*** It’s Hardhat day — your weekly briefing of all things infrastructure in Egypt: Enterprise’s industry vertical focuses each Wednesday on infrastructure, covering everything from energy, water, transportation, urban development and as well as social infrastructure such as health and education.

In today’s issue: Part 2 of our Year in Review looks at how infrastructure development had to adapt to the turbulence this year through digitization and diversification. From the rise of digital services and digital payments to the development of the smart grid, digitizing our infrastructure was a major theme in 2020 and looks set to continue next year. Meanwhile, the government’s plan to transition to natgas cars became the biggest infrastructure diversification move of the year, while green bonds became the testing ground for our debt diversification strategy.



The year in development finance

The International Cooperation Ministry marshaled USD 9.8 bn to finance development projects in 2020, with USD 6.7 bn allocated to government projects and USD 3.1 bn going to support the private sector, Minister Rania Al Mashat said yesterday during the launch of the ministry’s annual report (pdf). Al Mashat — who took over the ministry a year ago — reviewed the measures taken by the government at large during the year to confront the repercussions of the “extremely difficult” pandemic. These measures include new financial policies, interest rate cuts, tax breaks, reducing energy prices for the industrial sector, and support for day laborers.

The transport sector received the most public sector financing this year at USD 1.7 bn, followed by water and sanitation with USD 1.4 bn, and energy with USD 677 mn. Budget support and social solidarity initiatives received USD 638 mn and USD 505 mn respectively.

The European Investment Bank provided the most financing for the private sector, earmarking USD 1.9 bn this year, followed by the European Bank for Reconstruction and Development with USD 641 mn and the International Finance Corporation with USD 421 mn. Al Mashat highlighted the effectiveness of initiatives taken by international institutions during covid-19 such as the World Bank’s USD 50 bn response fund targeting Africa.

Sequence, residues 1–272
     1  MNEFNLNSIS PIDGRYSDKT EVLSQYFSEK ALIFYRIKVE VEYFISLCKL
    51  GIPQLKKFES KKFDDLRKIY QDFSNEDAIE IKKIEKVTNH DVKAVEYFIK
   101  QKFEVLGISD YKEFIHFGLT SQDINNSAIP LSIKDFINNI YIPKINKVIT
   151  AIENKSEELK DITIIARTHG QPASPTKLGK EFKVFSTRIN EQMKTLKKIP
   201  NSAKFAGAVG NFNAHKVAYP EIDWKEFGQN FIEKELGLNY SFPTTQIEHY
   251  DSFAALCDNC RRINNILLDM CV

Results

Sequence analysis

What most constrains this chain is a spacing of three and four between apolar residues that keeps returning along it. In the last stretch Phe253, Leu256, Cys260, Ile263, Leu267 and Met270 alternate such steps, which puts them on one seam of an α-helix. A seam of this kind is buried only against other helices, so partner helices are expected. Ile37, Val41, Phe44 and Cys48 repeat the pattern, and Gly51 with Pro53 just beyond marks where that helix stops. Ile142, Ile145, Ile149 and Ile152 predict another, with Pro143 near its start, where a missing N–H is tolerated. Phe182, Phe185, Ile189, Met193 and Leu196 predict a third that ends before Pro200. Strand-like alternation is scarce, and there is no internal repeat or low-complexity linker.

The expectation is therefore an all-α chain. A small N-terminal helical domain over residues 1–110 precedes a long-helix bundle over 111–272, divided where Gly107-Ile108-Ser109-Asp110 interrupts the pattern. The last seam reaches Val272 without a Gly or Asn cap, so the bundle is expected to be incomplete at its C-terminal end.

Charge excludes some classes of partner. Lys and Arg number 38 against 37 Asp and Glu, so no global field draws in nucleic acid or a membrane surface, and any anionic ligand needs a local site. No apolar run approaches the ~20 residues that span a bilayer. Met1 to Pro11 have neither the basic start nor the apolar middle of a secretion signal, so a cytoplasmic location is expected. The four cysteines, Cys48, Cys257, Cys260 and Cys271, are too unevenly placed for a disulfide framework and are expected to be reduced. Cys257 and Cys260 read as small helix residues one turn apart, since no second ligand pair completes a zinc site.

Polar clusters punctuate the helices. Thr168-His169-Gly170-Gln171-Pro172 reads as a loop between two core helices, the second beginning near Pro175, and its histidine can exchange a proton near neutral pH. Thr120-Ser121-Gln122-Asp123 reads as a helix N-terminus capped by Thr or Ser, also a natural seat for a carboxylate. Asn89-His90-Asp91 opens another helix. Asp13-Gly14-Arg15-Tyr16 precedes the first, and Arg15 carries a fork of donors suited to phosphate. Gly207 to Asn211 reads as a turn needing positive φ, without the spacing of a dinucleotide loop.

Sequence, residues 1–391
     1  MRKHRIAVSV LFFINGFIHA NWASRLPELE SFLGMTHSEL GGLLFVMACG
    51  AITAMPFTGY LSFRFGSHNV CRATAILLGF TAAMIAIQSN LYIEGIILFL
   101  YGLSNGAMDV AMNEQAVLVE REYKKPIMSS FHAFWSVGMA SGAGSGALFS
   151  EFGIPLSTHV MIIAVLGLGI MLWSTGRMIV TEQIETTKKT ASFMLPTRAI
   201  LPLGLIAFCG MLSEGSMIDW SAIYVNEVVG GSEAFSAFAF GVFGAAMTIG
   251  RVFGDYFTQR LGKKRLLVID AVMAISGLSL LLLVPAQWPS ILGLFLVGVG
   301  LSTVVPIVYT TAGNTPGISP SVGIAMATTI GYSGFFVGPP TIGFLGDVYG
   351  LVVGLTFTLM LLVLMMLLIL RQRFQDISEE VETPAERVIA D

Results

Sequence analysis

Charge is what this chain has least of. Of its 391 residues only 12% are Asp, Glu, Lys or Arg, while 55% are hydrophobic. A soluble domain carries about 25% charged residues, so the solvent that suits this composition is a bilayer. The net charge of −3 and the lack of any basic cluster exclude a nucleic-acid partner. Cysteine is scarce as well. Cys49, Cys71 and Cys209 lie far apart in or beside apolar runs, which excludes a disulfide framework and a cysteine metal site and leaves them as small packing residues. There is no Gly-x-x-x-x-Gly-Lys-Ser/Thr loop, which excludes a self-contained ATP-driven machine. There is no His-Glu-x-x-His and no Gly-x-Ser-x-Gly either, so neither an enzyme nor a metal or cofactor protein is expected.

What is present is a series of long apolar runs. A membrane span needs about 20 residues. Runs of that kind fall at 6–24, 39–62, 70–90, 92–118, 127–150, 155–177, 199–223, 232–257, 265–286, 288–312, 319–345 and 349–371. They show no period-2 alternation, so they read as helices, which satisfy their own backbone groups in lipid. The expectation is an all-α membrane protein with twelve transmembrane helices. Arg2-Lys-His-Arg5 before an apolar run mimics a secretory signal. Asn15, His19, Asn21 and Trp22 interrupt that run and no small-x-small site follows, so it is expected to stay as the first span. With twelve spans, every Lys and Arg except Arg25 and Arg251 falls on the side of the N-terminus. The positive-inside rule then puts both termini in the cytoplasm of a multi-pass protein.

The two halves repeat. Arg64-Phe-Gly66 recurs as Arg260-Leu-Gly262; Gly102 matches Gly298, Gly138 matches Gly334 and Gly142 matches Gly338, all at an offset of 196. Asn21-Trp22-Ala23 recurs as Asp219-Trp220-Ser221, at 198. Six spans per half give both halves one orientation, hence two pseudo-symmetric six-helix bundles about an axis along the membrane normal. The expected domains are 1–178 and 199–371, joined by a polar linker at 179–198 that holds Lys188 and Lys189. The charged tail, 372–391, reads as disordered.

Next year will see the private sector receive more financing, said Al Mashat, who highlighted green projects as a priority sector.

Want to hear more on the report? Al Mashat had a chat with each of Yahduth fi Misr’s Sherif Amer (watch, runtime: 8:11) and Masaa DMC’s Ramy Radwan (watch, runtime: 4:40) to recap the broad strokes of the report and the year in development finance for Egypt.

Want the tl;dr version? Watch it here (runtime: 1:30).


Groundhog day

The launch of the long-awaited commodities exchange (Egycomex) has again been delayed, after Internal Trade Development Authority (ITDA) Chairman and Egycomex head Ibrahim Ashmawy told Al Mal that it now won’t be seeing the light of day until the second half of 2021. Sources had initially hinted at a September 2020 start date, which was later pushed back to 1H2021 before yesterday’s news.

What can you trade? Ashmawy is now saying that wheat, oil, sugar, rice, iron and gold will all be accessible to traders from the get-go. He had first told us that traders would be able to buy and sell wheat, oil, sugar and rice at launch, but a few months later said that only wheat will be tradeable at first.